Tifft Nature Park is a 264-acre preserve located in Buffalo’s Lackawant area neighbourhood (north of Buffalo). In the 1950s and 1960s, all that was left were a few tiny ponds and a few train tracks.

This is where Ruben Santiago-Hudson may be found fishing if you enjoy the Broadway production of “Lackawant to Blues.” He frequently speaks affectionately of his time there throughout his autobiographical presentation.

Tour the Old Steel Town at the Center of ‘Lackawanna Blues’

Tour the Old Steel Town at the Center of ‘Lackawanna Blues’

At 32 Wasson Avenue, the scene of the Santiago play Hudson’s, his landlady Ms. Rachel Crosby, also known as “Nanny,” raised him. The one-man, autobiographical presentation lasts 90 minutes and features at least 25 locals (all artfully played by Santiago-Hudson in various postures, accents and cadences).

One of the lost souls, small-time con artists, and philosophers waxing poetic was Ol’ Po’ Carl, a would-be chef and former baseball player.

During a play rehearsal in the middle of August, Santiago-Hudson recalled a conversation the two had about fishing. Santiago-Hudson was given the nickname “doc” by Old Po Carl because there was always a chance that he would become a doctor.

He would then approach me and call out, “Hey, doctor! You ragged-headed rogue with a frizzy head. This weekend, are you going fishing? I’d answer, “Yeah, I might go fishing.” Use the term “going fishing” instead of “fishing.”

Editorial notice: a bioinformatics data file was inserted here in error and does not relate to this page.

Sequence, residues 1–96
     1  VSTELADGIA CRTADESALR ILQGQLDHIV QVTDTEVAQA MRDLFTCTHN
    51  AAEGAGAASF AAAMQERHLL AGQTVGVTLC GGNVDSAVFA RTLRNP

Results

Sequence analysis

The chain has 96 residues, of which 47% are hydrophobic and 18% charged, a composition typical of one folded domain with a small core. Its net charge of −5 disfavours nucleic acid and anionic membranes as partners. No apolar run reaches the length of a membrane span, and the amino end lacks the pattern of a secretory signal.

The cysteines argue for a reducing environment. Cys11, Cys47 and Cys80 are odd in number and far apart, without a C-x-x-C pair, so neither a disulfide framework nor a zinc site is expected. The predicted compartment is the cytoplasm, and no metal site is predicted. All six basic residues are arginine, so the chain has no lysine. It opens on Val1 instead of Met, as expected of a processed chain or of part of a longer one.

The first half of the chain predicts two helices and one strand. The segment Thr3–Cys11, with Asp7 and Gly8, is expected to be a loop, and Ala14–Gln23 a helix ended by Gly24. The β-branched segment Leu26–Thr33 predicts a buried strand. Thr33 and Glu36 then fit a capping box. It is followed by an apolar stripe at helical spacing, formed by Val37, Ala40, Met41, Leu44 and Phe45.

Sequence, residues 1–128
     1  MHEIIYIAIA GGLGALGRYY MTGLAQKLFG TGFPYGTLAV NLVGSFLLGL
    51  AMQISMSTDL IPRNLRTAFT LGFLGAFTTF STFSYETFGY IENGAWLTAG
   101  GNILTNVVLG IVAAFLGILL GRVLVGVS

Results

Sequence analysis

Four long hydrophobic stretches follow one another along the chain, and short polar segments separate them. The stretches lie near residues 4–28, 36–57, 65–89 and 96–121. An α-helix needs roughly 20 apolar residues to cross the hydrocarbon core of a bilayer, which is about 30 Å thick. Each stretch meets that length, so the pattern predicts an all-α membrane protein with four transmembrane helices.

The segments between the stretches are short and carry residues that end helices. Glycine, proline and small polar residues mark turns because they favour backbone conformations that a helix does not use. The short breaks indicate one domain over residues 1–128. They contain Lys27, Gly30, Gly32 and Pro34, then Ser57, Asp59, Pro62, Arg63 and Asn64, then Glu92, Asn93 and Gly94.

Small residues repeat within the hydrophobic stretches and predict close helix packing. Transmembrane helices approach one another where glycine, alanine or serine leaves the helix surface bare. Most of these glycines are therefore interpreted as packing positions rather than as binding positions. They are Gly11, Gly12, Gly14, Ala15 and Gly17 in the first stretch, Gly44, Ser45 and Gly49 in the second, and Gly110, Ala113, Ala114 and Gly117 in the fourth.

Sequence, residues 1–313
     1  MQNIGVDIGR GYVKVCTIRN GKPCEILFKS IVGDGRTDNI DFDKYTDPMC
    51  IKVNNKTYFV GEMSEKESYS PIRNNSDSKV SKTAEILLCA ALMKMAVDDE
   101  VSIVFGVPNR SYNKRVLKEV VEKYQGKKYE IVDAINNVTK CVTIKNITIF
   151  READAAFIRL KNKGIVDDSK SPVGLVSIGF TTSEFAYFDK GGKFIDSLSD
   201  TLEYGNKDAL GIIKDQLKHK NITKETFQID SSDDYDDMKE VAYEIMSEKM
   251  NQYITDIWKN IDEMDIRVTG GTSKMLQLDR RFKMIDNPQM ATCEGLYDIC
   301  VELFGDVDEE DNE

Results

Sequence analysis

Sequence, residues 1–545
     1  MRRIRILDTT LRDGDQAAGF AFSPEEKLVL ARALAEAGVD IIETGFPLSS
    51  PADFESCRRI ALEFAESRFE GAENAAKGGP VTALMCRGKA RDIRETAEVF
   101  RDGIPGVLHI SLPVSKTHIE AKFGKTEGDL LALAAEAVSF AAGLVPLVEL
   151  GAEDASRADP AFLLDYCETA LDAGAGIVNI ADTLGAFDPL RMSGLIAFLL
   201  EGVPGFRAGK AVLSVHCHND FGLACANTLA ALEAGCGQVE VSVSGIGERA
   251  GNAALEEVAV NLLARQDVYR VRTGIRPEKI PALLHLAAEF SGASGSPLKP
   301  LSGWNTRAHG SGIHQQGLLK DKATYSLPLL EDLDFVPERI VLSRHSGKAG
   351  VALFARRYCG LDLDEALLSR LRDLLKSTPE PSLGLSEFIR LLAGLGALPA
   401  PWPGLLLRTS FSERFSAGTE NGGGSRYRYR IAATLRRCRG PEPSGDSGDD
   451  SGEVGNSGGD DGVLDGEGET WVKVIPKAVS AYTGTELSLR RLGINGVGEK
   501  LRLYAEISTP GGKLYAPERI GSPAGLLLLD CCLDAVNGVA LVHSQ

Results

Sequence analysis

He would tell them, “You better get out there before they catch up all the fish.” He might be right, they got all the fish, I’d imagine. — I had just turned eleven. As I got older, “How are you going to catch all the fish?” was something I wondered.

Recently, Buffalo-based photographer Malik Rainey visited Lackawant to capture the area at dusk. Photos from the 1950s and 1960s, such as those of Santiago-Hudson as a little child and Nanny and her husband, Bill, show both the past and present of a place.

Song Lyrics for “Lackawant to Blues”

The 2020 census found 19,949 people living in Lackawant to. When the movie “Lackawant to Blues” is set, in the late 1950s and early 1960s, Bethlehem Steel was a significant employer in Lackawant.

In 1983, the steel mill went out of business. Wind turbines are presently in operation where steel was once produced. Thanks for reading our article Tour the Old Steel Town at the Center of ‘Lackawanna Blues’.